2012

  

In Jordan, proposed amendments to censor Internet

New York, August 31, 2012–Proposed legislation in Jordan would impose significant new restrictions on online news content and reader comments while giving authorities new powers to block domestic and international websites. The Committee to Protect Journalists calls on the lower house of parliament to reject the bill when it takes up debate on Sunday.

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A protester holds a poster depicting jailed journalist Shi Tao. (AP/Miguel Villagran)

As Wang is freed, Chinese journalist Shi Tao still held

Chinese dissident Wang Xiaoning was released today after serving a 10-year prison term on charges of “incitement to subvert state power,” a case built in good part on client information supplied by Yahoo. Wang had used his Yahoo email account and the discussion forum Yahoo Groups to spread ideas the government deemed dangerous. His case…

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CPJ Impact

News from the Committee to Protect Journalists, August 2012 CPJ releases report on Venezuela in run-up to elections As a result of President Hugo Chávez Frias’ 13 years in office, several critical media outlets have either disappeared or been scared into silence. The gap has been filled by a vast state media presence that merely…

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Syria must release U.S. journalist believed in state custody

New York, August 30, 2012–Syrian authorities must immediately release U.S. freelance journalist Austin Tice believed to be in government custody, the Committee to Protect Journalists said today. 

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An analyst looks at malware code in a lab. (Reuters/Jim Urquhart)

Dear CPJ: Some malware from your ‘friend’

We talk a lot about hacking attacks against individual journalists here, but what typifies an attempt to access a reporter’s computer? Joel Simon, CPJ’s executive director, received an email last week that reflects some characteristics of a malware attack against a journalist or activist. There was nothing particularly notable about the targeting. (Like many reporters,…

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Police block journalists protesting the government's plans to sue three news outlets. (Reuters/Gaston Brito)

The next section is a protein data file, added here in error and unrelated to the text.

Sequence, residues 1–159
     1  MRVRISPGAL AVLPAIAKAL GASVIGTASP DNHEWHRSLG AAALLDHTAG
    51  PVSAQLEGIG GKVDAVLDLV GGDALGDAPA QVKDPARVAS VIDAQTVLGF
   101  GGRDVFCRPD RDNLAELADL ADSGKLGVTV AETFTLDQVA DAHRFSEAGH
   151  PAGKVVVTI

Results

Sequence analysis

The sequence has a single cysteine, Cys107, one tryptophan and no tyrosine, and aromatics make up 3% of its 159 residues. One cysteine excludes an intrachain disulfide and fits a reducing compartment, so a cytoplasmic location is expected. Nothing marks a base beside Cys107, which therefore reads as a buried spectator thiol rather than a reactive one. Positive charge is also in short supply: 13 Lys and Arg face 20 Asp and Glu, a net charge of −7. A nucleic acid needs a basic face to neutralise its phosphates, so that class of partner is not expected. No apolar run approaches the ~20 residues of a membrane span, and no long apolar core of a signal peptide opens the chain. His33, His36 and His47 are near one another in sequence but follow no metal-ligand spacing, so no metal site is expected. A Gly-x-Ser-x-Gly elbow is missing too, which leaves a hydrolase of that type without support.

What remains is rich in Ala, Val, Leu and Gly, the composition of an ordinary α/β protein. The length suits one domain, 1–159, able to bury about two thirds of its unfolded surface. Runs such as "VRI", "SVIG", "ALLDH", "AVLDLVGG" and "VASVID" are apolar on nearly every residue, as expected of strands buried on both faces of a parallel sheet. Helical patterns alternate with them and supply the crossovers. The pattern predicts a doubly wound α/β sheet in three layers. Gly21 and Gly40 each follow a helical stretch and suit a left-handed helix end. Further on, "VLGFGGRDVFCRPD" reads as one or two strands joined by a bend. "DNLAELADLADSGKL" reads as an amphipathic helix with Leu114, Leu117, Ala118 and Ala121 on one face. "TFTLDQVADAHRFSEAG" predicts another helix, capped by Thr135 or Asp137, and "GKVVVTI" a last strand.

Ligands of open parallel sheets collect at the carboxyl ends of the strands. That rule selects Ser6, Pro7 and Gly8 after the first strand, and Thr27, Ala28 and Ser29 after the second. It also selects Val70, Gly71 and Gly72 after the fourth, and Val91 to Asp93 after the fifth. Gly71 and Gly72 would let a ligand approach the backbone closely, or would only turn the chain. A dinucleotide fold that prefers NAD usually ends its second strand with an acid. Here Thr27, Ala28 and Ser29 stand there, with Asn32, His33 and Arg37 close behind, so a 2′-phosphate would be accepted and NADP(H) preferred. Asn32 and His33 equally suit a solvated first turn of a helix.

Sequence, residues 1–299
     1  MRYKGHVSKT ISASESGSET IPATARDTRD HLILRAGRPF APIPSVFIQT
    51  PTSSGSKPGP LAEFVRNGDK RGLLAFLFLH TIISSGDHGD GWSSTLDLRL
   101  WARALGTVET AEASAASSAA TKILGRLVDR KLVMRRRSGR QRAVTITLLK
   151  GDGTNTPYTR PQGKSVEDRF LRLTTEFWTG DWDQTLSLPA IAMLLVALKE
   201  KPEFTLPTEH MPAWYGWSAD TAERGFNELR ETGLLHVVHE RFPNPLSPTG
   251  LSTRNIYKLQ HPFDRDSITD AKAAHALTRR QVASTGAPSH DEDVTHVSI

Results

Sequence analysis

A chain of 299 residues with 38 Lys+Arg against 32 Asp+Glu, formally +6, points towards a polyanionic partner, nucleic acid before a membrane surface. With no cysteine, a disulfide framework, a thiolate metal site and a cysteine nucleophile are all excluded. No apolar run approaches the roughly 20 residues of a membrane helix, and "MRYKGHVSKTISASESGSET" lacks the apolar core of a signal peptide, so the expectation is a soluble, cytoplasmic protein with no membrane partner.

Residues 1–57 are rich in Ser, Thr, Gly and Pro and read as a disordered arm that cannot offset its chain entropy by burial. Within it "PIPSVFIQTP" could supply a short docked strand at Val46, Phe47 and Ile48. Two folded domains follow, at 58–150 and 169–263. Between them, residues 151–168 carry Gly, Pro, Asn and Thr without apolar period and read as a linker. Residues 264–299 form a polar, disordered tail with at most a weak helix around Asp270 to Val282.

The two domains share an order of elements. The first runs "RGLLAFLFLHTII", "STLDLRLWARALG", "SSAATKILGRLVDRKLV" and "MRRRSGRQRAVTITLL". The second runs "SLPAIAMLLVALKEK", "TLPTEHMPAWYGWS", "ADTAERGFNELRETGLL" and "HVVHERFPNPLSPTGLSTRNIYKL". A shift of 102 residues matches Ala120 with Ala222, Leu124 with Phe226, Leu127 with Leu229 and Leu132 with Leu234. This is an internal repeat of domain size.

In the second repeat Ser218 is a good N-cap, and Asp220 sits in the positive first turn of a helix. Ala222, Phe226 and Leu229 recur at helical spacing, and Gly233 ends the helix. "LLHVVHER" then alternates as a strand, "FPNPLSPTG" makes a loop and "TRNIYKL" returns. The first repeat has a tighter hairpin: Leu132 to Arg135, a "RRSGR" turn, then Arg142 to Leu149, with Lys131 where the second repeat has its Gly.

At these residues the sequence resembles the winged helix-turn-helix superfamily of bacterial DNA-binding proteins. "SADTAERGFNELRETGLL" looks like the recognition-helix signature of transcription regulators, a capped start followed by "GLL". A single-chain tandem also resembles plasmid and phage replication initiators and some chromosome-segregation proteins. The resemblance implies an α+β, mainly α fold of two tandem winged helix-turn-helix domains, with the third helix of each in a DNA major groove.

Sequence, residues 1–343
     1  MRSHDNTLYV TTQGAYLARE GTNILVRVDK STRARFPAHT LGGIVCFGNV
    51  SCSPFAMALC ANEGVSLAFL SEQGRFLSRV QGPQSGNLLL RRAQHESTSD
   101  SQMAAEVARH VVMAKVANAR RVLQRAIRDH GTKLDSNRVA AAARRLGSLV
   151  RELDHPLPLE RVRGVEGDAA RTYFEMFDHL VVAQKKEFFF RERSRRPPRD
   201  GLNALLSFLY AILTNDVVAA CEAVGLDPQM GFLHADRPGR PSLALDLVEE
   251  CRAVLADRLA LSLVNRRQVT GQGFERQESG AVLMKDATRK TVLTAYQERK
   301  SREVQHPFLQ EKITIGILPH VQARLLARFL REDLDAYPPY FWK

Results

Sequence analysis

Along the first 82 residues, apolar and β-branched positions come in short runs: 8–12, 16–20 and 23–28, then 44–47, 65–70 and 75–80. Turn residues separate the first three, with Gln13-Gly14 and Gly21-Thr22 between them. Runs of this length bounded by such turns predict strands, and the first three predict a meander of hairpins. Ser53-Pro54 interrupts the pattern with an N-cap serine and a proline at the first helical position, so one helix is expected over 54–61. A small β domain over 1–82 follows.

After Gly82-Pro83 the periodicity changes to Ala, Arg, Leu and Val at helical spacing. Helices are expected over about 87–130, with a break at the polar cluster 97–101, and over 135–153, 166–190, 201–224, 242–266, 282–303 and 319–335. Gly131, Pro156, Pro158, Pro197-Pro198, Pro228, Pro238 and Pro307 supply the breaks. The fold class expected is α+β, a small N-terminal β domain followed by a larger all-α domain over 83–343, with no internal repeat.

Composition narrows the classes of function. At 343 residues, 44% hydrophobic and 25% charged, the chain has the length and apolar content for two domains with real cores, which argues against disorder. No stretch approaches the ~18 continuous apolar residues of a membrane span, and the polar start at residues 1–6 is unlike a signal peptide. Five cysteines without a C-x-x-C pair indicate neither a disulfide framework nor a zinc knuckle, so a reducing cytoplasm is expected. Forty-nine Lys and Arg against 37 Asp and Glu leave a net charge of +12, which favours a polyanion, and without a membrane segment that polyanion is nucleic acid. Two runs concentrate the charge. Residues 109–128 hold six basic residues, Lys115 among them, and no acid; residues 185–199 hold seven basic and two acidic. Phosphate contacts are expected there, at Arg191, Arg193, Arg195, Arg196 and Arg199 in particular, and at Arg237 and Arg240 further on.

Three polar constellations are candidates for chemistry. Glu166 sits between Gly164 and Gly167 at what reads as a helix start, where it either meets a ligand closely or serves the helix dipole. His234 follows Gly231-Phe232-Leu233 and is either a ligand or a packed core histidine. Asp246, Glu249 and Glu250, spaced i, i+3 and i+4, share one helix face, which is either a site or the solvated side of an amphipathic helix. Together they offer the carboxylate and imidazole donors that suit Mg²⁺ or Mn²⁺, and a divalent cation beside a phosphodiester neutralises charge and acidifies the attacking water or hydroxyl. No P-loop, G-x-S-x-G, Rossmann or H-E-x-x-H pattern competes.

Bolivia charges news outlets with inciting racism

Bogotá, August 30, 2012–Bolivian authorities must immediately drop a criminal complaint filed against three media outlets in connection with their coverage of a speech by President Evo Morales, the Committee to Protect Journalists said today. The news outlets are being accused of inciting racism and discrimination, according to news reports.

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A radio station station was closed down to prevent coverage of Monday's protests, shown here. (AFP/Cellou Binani)

Guinean government censors private radio station

Lagos, Nigeria, August 30, 2012–Authorities in Guinea closed a private radio station on Sunday, preventing the outlet from reporting on the next day’s protests, according to news reports. Liberté FM has been targeted in the past, the reports said.

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Chávez' Twitter page. (AFP/Juan Barreto)

Attacks on press in Venezuela expand online

Online penetration in Venezuela has increased in recent years, with 40 percent of its population online, according to the International Telecommunication Union. A significant amount of activity takes place on Twitter, where Venezuela has the highest penetration in the region after Uruguay, according to local research company Tendencias Digitales. President Hugo Chávez Frías, who has…

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Colombian Supreme Court drops suit against columnist

The Colombian Supreme Court announced on August 27, 2012, that it would drop a defamation complaint against prominent journalist Cecilia Orozco Tascón, according to news reports. Five days earlier, the court released a statement saying it would file charges against Orozco, who writes a widely read column in the Bogotá daily El Espectador. The court…

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Tunisian authorities have issued an arrest warrant for Sami Fehri. (AFP)

Arrest warrant issued for Tunisian TV director

New York, August 29, 2012–The Committee to Protect Journalists is concerned about an arrest warrant issued against the head of a Tunisian television station, whose news and programming are often seen as critical of the current government.

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